NOTE 2 SUMMARY OF SIGNIFICANT
Basis of Presentation
The accompanying consolidated financial
statements have been prepared in accordance with accounting principles generally accepted in the United States of America (US
GAAP). The consolidated financial statements include the financial statements of CHWG and its subsidiaries. All significant
intercompany balances and transactions have been eliminated on consolidation.
In preparing the accompanying
audited consolidated financial statements, the Company evaluated the period from December 31, 2011 through the date the financial
statements were issued for material subsequent events requiring recognition or disclosure. No such event was noted.
Use of Estimates
The preparation of consolidated
financial statements in conformity with US GAAP requires the Company to make estimates and assumptions that affect the reported
amounts of assets and liabilities and disclosure of contingent assets and liabilities at the date of these consolidated financial
statements and the reported amounts of revenues and expenses during the reporting period. The Company bases its estimates on historical
experience and on various other assumptions that are believed to be reasonable under the circumstances. Accordingly, actual results
may differ from these estimates under different assumptions or conditions.
Risk and Uncertainties
The Company's operations are carried
out in the PRC. Accordingly, the Company's business, financial condition and results of operations may be influenced by the PRCs
political, economic and legal environments as well as by the general state of the PRCs economy. The Company's business may
be influenced by changes in governmental policies with respect to laws and regulations, anti-inflationary measures, currency conversion
and remittance abroad, and rates and methods of taxation, among other things.
We recognize revenue using various
revenue recognition policies based on the nature of the sale and the terms of the contract. Revenues from sale of bottled water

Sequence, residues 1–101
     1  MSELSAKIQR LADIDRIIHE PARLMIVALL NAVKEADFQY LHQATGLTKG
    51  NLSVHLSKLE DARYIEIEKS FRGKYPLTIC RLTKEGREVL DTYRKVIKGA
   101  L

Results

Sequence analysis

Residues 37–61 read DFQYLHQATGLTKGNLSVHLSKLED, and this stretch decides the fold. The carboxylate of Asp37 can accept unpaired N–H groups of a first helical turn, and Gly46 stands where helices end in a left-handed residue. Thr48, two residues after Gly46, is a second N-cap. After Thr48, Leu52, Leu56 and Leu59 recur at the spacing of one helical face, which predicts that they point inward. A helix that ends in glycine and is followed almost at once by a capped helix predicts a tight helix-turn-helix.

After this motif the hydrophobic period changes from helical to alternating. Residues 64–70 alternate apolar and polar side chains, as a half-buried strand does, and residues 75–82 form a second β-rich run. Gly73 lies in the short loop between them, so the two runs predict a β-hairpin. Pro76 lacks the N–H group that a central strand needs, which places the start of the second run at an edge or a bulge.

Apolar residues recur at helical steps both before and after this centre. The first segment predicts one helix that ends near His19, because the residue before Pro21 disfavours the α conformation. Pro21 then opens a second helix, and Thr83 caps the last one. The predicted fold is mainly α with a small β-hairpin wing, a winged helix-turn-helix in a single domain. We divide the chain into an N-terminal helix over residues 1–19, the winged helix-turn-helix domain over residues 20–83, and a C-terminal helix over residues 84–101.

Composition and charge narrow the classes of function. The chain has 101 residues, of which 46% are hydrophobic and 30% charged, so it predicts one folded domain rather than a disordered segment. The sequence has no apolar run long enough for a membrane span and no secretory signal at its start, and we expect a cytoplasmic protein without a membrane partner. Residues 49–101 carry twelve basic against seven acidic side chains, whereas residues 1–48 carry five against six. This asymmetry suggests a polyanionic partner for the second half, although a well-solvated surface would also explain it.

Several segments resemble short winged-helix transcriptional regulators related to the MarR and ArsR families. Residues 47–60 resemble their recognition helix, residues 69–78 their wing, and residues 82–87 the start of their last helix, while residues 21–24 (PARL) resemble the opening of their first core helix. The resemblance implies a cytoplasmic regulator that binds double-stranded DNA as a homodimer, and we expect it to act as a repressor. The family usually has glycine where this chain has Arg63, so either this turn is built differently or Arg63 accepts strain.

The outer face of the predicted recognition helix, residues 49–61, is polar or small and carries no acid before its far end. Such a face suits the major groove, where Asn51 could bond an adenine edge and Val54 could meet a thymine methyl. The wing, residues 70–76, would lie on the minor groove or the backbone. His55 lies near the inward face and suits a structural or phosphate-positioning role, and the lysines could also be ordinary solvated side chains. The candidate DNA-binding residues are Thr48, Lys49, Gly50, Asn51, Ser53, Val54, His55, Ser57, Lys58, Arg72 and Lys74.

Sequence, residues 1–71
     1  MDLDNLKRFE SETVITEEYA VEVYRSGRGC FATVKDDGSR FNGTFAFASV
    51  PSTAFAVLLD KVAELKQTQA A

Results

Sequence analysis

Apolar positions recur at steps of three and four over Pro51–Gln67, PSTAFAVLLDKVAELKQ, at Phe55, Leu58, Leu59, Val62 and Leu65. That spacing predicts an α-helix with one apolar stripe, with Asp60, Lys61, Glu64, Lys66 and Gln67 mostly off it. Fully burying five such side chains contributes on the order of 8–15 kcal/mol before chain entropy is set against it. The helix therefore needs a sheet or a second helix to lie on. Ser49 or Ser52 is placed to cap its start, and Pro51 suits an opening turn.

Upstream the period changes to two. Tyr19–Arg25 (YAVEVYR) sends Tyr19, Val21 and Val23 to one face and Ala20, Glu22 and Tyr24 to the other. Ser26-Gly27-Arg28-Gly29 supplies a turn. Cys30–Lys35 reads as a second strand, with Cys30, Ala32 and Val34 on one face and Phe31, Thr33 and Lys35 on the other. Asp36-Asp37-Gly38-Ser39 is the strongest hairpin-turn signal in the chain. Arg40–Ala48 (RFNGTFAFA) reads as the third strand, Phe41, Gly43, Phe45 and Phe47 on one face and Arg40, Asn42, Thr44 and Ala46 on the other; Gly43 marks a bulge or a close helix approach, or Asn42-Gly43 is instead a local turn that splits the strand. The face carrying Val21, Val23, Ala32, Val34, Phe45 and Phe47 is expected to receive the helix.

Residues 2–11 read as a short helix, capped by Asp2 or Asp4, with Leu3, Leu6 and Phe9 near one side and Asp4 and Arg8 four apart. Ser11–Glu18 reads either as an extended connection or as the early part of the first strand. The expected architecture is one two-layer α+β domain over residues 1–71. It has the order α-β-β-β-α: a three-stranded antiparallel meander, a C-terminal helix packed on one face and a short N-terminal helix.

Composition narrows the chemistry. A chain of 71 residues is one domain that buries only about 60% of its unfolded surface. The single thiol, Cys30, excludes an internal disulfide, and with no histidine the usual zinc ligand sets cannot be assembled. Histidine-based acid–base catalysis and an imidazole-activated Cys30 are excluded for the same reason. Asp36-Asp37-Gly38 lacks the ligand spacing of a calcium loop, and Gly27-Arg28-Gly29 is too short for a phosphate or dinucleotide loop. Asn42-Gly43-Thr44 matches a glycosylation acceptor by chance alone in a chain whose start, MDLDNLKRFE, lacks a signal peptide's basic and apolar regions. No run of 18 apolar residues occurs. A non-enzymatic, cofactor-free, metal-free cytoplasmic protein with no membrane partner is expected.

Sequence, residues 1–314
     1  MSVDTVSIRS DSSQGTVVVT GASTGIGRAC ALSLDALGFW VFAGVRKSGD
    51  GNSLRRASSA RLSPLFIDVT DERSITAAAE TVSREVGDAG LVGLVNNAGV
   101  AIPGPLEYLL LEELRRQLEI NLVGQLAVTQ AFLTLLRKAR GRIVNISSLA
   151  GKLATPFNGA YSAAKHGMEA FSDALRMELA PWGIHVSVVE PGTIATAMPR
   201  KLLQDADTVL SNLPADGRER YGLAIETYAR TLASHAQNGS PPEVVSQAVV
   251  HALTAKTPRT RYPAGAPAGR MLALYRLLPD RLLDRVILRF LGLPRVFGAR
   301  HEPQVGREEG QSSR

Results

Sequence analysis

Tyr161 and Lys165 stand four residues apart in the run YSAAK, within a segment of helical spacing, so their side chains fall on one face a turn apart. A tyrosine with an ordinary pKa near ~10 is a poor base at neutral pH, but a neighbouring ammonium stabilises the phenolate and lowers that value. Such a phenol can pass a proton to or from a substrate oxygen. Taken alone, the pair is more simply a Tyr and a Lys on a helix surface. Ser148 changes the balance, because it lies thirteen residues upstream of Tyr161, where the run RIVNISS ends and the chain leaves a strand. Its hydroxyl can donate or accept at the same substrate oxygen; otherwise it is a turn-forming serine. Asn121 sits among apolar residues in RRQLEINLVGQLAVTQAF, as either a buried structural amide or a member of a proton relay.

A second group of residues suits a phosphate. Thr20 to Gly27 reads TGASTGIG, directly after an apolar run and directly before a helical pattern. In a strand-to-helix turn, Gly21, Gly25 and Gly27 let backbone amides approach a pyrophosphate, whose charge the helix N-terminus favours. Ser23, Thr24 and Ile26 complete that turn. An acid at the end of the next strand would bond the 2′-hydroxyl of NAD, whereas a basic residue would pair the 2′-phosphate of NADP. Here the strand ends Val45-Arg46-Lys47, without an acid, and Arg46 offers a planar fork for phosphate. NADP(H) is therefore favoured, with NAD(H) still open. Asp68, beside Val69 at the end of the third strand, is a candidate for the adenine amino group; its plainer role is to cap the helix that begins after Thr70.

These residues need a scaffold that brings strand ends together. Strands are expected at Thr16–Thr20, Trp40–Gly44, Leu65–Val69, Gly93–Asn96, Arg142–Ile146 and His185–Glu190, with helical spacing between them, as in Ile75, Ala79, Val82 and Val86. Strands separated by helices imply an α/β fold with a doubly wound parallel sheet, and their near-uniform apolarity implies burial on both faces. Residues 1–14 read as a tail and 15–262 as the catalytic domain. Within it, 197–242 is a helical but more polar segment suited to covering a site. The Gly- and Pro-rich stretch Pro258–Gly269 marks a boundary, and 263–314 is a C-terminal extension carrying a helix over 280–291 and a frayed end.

are recognized when goods are delivered. The contractual terms of the purchase agreements dictate the recognition of revenues by
us. We recognize revenue in accordance with Staff Accounting Bulletin No. 104, codified in ASC Topic 480. Accordingly, four basic
criteria must be met before revenue can be recognized: (1) persuasive evidence of an arrangement exists; (2) delivery has occurred;
(3) the selling price is fixed and determinable; and (4) collectability is reasonably assured. Determination of criteria (3) and
(4) are based on managements judgments regarding the fixed nature of the selling prices of the products or services delivered
and the collectability of those amounts. Provisions for discounts and rebates to customers, estimated returns and allowances, and
other adjustments are provided for in the same period the related sales are recorded. We defer any revenue for which the product
has not been delivered or is subject to refund until such time that we and our customer jointly determine that the product has
been delivered or no refund will be required.
Cash and Cash Equivalents
In accordance with ASC 230-10 (formerly
SFAS No. 95, Statement of Cash Flows), the Company considers all highly liquid investments with an original maturity
of three months or less to be cash equivalents. Because of the short maturity of these investments, the carrying
amounts approximate their fair value.
Accounts receivable are stated
at historical cost, net of allowance for doubtful accounts. The Company establishes an allowance for doubtful accounts based on
managements assessment of the collectability of accounts receivables and other receivables. A considerable amount of judgment
is required in assessing the amount of the allowance; the Company considers the historical level of credit losses and applies percentages
to aged receivable categories. The Company makes judgments about the creditworthiness of each customer based on ongoing credit
evaluations, and monitors current economic trends that might impact the level of credit losses in the future. If the financial
condition of the customers were to deteriorate, resulting in their inability to make payments, a larger allowance may be required.
Bad debts are written off when
identified. The Company extends unsecured credit to customers ranging from three to six months in the normal course of business.
The Company does not accrue interest on accounts receivables.
Historically, losses from uncollectible
accounts have not significantly deviated from the general allowance estimated by the management and no significant additional bad
debts have been written off directly to the profit and loss.
The balance of allowance for doubtful
accounts amounted to $746,439 and $721,788 as of December 31, 2011 and 2010, respectively.
Inventories are stated at the lower
of cost, determined on a weighted average basis, or market. Costs of inventories include purchase and related costs incurred in
bringing the products to their present location and condition. Market value is determined by reference to selling prices after
the balance sheet date or to managements estimates based on prevailing market conditions. The management will write down